What is an expungement? 

An expungement is when a criminal conviction is either sealed, so no one may access it, or it is destroyed. Expungements differ from a legal “pardon” in that expungements are not forgiveness for a crime, rather the record is no longer accessible through criminal record/public record inquiries.

In Virginia, a new record relief bill was passed in 2021 that will likely take effect in the summer of 2025. The new bill has put in place multiple new processes and changes for expungements. 

  1. There will be an automatic system that will seal misdemeanor cases that do not get convicted, as well as some convictions. 
  2. The prosecuting attorney will have the choice to give consent for defendants that receive felony acquittals or a dismissal to have their case contemporaneously sealed – which means at the same time or shortly after the court decision.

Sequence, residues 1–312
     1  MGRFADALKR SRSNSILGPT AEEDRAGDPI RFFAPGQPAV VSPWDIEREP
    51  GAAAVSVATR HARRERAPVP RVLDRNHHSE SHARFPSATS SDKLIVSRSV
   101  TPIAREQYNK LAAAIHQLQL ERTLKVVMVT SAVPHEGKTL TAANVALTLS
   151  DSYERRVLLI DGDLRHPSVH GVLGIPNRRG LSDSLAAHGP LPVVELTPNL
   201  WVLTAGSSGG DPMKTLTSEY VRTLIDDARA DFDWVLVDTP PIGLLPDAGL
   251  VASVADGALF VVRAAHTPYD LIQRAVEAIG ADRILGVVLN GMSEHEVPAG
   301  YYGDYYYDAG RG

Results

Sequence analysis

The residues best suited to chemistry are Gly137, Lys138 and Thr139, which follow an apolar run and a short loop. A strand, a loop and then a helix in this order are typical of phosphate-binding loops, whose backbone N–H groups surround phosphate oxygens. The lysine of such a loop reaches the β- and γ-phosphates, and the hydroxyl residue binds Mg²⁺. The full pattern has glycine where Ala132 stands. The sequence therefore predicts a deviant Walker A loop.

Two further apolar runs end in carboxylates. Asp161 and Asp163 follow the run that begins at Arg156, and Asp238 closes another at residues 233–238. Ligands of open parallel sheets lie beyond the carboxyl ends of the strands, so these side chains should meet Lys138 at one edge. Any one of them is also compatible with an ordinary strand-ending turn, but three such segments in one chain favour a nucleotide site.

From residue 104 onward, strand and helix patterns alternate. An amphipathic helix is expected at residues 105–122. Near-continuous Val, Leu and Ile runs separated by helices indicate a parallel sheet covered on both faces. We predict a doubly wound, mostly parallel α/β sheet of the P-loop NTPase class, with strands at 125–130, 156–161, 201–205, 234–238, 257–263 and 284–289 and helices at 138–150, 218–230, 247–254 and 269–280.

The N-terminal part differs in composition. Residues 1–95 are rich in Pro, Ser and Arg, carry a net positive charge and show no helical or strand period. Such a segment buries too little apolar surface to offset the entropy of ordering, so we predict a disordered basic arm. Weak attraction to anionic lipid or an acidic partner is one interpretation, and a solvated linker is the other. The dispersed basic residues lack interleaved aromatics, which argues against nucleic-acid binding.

3. Rules will be in place for private companies that purchase and distribute criminal records to perform routine maintenance and delete sealed records. There will also be a private right of action for individuals against companies that do not comply. 
  4. Many options will be available for misdemeanor and low level felony defendants who received deferred dismissals or convictions. They will be able to request an expungement by court petition, and outstanding court debt will not affect qualifications. 
  5. During the expungement petition process an individual will qualify for a court-appointed attorney.

Currently, the law requires an individual to file a lawsuit in the circuit court and a judge find that the record existing as-is constitutes manifest injustice to qualify for an expungement. Until the new bill is in place, the civil suit will be required to create an argument for expungement in the state of Virginia. 

Attorneys at the Steidle Law Firm know the struggle a criminal record can inflict on an individual’s life – give our office a call today to explore your options and see if an expungement proceeding is the right choice for your past case.